A chapter of the Young Americans for Liberty at the University of Alabama in Huntsville wants the freedom to speak about issues like gun rights on campus and promote their group’s events. The school requires students to seek permission to speak three days in advance. The chapter believes that this requirement allows school administrators to discriminate based on viewpoint and alleges that the policy violates a state law that requires the government to respect students’ First Amendment rights.
Alliance Defending Freedom (ADF), which represents the chapter, said the policies “illegally prevent students from engaging in spontaneous expression and from promoting their events. ”
Conservative and Christian groups and individuals at other schools have faced similar free-speech restrictions. For example, student Sofie Salmon at the University of Wisconsin at River Falls wanted to start a conservative club. She recruited students by having them sign a “free speech” ball on campus. The school told her to stop, claiming that a policy required students to reserve a space and limit speech to a public sidewalk on the edge of campus. The ADF sent the school a letter on Salmon’s behalf threatening a lawsuit, and the school rescinded the policy.
Another example: Gwinnett College in Georgia restricted speech to two small speech zones on campus opened only 18 hours per week and required students to reserve a time. The school also banned speech that “disturbs the peace and/or comfort” of others. Chike Uzuegbunam met all the school’s requirements to share his Christian faith, but a campus police officer pulled him aside and told him he had to stop speaking. Uzuegbunam filed a federal lawsuit. The college changed the policy but didn’t rectify their treatment of Uzuegbunam, so Gwinnett College will have to present its argument before the U.S. Supreme Court.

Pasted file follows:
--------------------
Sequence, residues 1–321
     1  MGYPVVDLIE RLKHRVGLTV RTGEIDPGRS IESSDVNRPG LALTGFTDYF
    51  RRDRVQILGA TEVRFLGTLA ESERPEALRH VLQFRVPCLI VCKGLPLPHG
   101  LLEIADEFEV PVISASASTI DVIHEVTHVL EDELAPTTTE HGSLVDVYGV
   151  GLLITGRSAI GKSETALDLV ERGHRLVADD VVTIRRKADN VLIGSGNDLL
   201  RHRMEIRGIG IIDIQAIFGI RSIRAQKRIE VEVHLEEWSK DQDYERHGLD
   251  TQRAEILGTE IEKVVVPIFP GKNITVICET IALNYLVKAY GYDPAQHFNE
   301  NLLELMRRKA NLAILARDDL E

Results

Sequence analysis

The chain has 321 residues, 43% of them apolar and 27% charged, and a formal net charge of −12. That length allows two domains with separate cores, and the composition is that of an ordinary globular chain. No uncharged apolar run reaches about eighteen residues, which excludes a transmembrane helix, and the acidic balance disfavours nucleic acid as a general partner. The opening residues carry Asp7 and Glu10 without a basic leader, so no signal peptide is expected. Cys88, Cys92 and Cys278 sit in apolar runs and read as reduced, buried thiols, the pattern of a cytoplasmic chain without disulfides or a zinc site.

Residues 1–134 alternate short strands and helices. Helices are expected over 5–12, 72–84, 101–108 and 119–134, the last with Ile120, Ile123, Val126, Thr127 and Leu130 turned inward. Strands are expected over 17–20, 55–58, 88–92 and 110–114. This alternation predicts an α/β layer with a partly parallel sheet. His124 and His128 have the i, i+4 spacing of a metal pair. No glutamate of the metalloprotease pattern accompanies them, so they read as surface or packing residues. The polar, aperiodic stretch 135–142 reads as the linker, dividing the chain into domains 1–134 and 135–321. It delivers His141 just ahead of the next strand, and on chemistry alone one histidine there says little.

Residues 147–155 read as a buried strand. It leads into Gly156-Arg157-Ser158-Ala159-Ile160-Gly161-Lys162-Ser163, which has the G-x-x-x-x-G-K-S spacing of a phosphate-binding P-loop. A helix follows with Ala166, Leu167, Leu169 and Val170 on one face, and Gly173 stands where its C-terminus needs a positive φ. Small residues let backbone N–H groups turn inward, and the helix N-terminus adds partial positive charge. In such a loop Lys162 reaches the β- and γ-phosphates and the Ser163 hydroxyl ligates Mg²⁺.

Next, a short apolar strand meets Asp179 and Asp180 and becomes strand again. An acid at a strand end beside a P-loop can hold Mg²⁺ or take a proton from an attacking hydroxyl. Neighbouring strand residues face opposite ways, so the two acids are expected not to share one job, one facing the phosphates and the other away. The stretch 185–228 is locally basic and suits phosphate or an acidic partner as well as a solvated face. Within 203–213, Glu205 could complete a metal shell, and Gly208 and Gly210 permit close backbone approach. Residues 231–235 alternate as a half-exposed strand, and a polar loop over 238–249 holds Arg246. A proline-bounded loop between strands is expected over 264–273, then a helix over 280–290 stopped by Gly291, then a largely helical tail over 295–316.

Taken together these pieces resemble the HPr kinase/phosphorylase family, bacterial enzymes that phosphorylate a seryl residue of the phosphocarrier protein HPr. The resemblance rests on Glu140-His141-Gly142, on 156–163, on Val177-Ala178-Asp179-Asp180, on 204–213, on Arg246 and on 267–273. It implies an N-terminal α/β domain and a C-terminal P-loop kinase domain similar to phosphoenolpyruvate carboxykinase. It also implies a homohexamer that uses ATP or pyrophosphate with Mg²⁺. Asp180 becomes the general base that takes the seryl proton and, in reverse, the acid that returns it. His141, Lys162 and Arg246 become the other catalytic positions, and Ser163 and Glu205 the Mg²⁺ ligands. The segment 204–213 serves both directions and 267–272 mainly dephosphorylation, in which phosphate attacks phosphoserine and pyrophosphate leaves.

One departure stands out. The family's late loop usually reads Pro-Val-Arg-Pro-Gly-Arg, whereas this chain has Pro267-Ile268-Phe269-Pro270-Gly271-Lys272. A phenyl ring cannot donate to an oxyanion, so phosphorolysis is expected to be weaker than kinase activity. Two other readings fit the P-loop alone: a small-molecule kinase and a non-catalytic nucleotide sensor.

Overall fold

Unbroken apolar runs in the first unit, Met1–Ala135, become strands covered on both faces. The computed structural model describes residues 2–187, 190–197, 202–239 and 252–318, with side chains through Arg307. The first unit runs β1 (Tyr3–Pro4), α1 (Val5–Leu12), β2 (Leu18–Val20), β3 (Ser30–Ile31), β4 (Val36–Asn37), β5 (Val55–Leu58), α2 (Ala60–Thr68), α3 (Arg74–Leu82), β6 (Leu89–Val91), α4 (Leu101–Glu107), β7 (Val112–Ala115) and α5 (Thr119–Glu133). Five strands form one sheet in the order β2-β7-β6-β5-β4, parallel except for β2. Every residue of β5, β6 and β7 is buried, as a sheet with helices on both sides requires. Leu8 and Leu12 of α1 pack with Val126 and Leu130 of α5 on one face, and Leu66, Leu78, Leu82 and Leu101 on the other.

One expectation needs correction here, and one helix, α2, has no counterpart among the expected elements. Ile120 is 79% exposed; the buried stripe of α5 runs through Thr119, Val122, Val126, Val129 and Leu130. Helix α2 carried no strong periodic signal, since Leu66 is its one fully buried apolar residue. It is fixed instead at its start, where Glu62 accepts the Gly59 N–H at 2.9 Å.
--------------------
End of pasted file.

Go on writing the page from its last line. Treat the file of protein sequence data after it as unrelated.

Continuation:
The Young Americans for Liberty chapter filed a federal lawsuit against the University of Alabama on First Amendment grounds. From ADF, which also represents Uzuegbunam:
The lawsuit argues that the university’s policies directly violate the state’s FORUM Act, a law explicitly prohibiting prior permission requirements and other suppressive measures. The FORUM Act helps ensure that public universities once again become places where intellectual diversity flourishes and all students can engage in the marketplace of ideas.
“Young Americans for Liberty exists to promote the principles of individual liberty, but the University of Alabama in Huntsville’s policies severely restrict our students’ ability to speak freely about these principles on campus,” said Young Americans for Liberty Director of Free Speech JP Kirby. “Students don’t need a permit to speak freely on a public campus. And they don’t give up their constitutionally protected freedoms when they step onto campus or hold a specific viewpoint.”
Photo credit: By J. Michael Scarborough – Own work, CC BY-SA 4.0, link